Chile - Atacama & the Northern Highlands

The Atacama is a vast expanse of barren basins, plains and mountains punctuated by fertile oases where the Inca and other empires penetrated south from the central Andes. It's virtually an open-air archaeological museum that bears traces of the Incas, Spanish conquistadors and their colonial heritage, and remains of mining towns that burst with life during the 19th-century nitrate (saltpeter) boom.
If that weren't enough, the Atacama has clear skies, endless beaches, and highlands where llamas and alpacas, along with wild vicunas, graze placidly as minibuses glide by. The air is so clear that the region has attracted a cluster of international astronomical observatories near the beach resort city of La Serena and the port of Antofagasta. Popular observatories are Mamalluca and Cerro Tololo, outside the town of Vicuña.
East of the coastal cities of lquique and Arica, pre-Columbian peoples scraped stylized llama trains and other designs into the hillsides, reminders that this was a highway instead of a wasteland. State-of-the-art museums in San Pedro and Arica put everything in context.

SAN PEDRO
San Pedro de Atacama, Chile's "archaeological capital" is an oasis of colonial adobes in the midst of Inca ruins, great salt lakes where flamingos poise on one leg, and the world's highest geyser fields. El Tatio's steaming fumaroles are a perfect daybreak excursion. After the sun finally warms the frigid air more than 14,000ft/4,000mts above sea level, sightseers can ease into a rustic, naturally heated pool.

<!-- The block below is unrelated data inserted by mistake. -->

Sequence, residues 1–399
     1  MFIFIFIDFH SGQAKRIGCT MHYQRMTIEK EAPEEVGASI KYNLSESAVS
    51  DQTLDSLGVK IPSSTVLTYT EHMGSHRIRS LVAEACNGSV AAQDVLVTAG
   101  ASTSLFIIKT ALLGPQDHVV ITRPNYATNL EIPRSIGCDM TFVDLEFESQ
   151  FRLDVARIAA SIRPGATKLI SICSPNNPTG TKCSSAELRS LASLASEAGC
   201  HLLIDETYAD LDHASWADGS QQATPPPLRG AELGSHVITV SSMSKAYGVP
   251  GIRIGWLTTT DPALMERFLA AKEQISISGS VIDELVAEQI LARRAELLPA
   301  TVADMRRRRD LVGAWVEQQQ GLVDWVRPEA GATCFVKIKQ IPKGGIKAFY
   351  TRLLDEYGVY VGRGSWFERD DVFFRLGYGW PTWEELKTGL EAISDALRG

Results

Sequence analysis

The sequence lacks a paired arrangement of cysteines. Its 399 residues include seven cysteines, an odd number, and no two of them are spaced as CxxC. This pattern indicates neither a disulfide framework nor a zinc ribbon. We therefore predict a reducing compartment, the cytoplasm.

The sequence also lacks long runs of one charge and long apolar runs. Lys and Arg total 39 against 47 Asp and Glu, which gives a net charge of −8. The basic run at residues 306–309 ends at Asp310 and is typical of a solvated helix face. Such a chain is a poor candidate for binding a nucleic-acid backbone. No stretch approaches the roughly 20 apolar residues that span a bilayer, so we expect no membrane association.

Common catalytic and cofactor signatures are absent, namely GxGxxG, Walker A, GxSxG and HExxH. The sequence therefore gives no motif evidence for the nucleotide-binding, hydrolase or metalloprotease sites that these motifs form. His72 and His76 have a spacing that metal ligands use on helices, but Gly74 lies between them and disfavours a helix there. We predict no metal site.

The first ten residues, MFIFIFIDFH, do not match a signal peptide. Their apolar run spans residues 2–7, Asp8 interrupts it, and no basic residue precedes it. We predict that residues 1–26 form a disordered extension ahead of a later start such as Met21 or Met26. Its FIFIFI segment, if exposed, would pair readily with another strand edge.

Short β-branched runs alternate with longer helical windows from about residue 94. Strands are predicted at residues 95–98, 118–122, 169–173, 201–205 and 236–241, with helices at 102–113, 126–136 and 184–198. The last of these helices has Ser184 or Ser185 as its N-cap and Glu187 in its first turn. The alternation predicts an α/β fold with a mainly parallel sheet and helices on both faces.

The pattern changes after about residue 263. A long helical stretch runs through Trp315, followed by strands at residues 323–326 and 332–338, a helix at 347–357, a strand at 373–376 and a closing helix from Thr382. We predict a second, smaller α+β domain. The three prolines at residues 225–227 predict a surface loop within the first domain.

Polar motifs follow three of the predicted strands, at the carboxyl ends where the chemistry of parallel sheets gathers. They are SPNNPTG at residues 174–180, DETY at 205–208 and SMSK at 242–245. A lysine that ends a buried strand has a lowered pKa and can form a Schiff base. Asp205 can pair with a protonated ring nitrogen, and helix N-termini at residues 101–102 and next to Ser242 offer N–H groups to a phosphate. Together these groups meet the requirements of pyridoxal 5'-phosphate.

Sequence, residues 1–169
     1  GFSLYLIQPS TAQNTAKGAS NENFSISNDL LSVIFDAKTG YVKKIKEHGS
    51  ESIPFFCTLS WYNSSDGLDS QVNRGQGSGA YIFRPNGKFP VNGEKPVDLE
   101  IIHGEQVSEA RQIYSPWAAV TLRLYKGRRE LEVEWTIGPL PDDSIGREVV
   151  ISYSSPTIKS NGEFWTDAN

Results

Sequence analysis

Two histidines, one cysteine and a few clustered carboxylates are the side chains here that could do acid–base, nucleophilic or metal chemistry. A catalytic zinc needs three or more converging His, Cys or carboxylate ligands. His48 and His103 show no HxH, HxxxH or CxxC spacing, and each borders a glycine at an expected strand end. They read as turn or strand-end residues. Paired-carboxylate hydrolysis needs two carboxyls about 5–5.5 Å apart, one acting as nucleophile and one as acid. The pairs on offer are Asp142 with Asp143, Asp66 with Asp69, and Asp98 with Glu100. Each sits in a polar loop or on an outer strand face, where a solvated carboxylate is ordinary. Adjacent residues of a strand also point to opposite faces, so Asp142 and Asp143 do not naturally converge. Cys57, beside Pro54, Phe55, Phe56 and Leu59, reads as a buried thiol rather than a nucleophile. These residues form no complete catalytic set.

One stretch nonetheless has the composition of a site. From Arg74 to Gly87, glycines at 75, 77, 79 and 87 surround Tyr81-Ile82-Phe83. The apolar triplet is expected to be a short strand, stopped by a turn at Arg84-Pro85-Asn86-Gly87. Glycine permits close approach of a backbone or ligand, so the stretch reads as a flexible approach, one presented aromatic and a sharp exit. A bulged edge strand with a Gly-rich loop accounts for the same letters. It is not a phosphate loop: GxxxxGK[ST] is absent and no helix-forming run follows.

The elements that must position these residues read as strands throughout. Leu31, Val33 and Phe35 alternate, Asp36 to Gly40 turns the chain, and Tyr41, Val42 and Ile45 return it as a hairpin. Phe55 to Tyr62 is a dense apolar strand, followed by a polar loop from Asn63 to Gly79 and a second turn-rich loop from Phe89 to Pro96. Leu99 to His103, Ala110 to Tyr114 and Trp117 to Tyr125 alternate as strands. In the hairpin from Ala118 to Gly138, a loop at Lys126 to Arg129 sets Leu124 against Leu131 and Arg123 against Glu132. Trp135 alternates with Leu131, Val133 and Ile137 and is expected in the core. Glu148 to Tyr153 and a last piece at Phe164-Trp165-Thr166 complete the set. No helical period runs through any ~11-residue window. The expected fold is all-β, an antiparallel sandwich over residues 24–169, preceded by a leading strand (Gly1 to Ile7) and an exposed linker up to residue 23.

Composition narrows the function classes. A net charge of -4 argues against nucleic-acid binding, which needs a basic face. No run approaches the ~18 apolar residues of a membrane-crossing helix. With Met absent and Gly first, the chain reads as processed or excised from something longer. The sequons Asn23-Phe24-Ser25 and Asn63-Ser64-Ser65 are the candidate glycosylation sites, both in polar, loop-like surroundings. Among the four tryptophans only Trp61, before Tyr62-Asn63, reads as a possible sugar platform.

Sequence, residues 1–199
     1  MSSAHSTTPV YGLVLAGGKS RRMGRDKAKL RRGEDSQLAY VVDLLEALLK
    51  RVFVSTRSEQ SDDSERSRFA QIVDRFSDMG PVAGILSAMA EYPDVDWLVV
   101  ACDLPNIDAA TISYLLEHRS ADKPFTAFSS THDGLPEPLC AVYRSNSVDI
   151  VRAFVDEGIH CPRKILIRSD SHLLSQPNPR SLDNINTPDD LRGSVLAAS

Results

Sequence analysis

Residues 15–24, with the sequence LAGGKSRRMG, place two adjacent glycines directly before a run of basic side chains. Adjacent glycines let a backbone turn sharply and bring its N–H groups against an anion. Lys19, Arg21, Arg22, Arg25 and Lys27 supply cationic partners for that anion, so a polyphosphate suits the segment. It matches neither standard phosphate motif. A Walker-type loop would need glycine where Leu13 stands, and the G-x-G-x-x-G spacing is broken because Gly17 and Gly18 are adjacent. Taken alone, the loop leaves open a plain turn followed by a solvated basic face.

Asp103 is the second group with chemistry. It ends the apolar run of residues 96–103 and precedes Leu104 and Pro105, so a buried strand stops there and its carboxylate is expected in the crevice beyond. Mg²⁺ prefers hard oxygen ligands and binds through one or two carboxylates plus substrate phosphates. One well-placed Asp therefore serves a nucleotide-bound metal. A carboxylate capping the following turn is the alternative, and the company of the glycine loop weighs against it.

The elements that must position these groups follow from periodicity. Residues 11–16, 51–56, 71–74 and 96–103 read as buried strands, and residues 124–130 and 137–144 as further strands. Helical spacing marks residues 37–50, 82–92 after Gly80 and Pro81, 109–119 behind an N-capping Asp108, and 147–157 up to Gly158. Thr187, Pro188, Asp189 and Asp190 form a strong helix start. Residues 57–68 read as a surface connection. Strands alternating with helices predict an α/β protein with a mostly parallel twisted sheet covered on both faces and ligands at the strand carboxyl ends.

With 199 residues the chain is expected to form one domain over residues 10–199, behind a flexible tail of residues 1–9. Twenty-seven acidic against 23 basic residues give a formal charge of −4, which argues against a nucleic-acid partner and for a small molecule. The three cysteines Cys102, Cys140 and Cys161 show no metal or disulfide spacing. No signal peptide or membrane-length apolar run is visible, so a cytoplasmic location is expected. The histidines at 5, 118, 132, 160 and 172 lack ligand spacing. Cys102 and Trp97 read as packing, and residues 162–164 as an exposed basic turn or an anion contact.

SALTPEPPER MINES
In the 19th century, miners scraped the plains in search of nitrate. They built now-crumbling company towns like Humberstone and Santa Laura, World Heritage Sites where you can now explore mining equipment and once-thriving towns.
Thanks to the cool Humboldt current, the Atacama isn’t brutally hot, but the beaches of Arica and lquique (itself a historic city of Victorian and Georgian mansions) provide an ideal break from simple sightseeing.
Because it almost never rains, the Atacama is an all-year destination. Many visitors fly to Calama (near San Pedro) or Iquique and rent cars to get around. Explora Atacama offers adventure-oriented tours that use its casually luxurious hotels in a shady oasis in San Pedro, as a base.



 


 

 

 

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